Tuesday, December 18, 2007

FOB Patriot and Beyond

As luck would have it during my visit to Fort Bragg for PSYOP Regimental Week a couple of weeks ago I had the opportunity of visiting FOB Patriot. FOB Patriot is the pre-deployment training area run by 1st Army. PSYOP Reservists along with all Army Reservists and National Guard troops are cycled through FOB Patriot prior to deployment to Iraq and Afghanistan.

For me it brought back memories of one of my VERY early Army experiences – ROTC Summer Camp at Indiantown Gap Military Reservation (IGMR) in Pennsylvania, summer of 1968. While the summer camp serves as the final transition point from Cadet to 2LT, this camp’s secondary purpose was to prepare soldiers to deploy to Viet Nam. High on the list of things to learn was how to spot and avoid booby traps. All I remember was punji sticks and don’t step on the trip wires.

Fast forward not quite 40 years and I’m walking through the training lane on IEDs and VBIEDs which is affectionately known as the “Petting Zoo” and the instructor’s presentation about today’s dangers also included trip wires. Some things change and others don’t.

Speaking of not changing, I’ve always felt that in some ways the Army can be gifted in knowing how to make a person miserable. “We don’t have to train to be miserable” has been a well used phrase, perhaps since the formation of the first military force. FOB Patriot has its own unique case in point, no, it’s not the crowded tent like quarters, nor the shower or latrine. I’m told it’s the brainchild of a General Officer who felt that the troops needed to be more efficient. His answer – eat standing up. That’s right, no sitting down to savor the latest in Mermite cuisine. The troops’ chow is brought out in Mermite cans twice a day and they have to eat standing up. On the face of it, this would defy the common sense test. While I haven’t deployed to either Iraq or Afghanistan, I don’t recall ever seeing a Mess Hall with everyone standing up. No matter that this is neither physically or mentally healthy, it strikes me as plain stupid, but then again, Generals will be Generals.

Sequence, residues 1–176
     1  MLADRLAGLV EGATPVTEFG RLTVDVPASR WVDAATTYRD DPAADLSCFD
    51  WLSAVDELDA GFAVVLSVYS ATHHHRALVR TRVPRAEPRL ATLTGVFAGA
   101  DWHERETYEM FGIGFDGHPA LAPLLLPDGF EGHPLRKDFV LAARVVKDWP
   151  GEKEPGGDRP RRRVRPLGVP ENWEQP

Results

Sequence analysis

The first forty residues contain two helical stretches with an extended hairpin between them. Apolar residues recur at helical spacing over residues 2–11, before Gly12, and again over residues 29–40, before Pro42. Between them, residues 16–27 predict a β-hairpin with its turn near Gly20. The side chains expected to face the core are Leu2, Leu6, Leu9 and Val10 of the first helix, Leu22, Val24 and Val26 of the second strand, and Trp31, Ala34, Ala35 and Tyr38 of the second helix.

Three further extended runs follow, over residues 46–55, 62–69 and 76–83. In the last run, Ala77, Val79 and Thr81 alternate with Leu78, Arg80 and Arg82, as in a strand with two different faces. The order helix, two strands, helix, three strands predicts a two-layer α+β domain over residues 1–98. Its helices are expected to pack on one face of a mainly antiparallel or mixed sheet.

During my visit I got a chance to talk to some of the troops. I learned about the M4 and the new body armor. I marveled at the upbeat nature of all I met.

As I think about the training, it’s clear to me that while the training appears solid and troop morale is high, we are missing a bet and violating one of the military’s most basic tenets – ‘train as you fight’.

The nature of the PSYOP organizational split means that Reserve PSYOP soldiers will not be training along side their counterparts from either the 4th POG or the Joint Military Information Support Command (MISC) (the former JPSE). In my view PSYOP is a continually evolving profession and one where cross fertilization and the ability to think out of the box is the norm not the exception.

With 2008 just around the corner I’d like to take this opportunity to wish all of you the very best in the New Year and to our troops: God Bless and God Speed.

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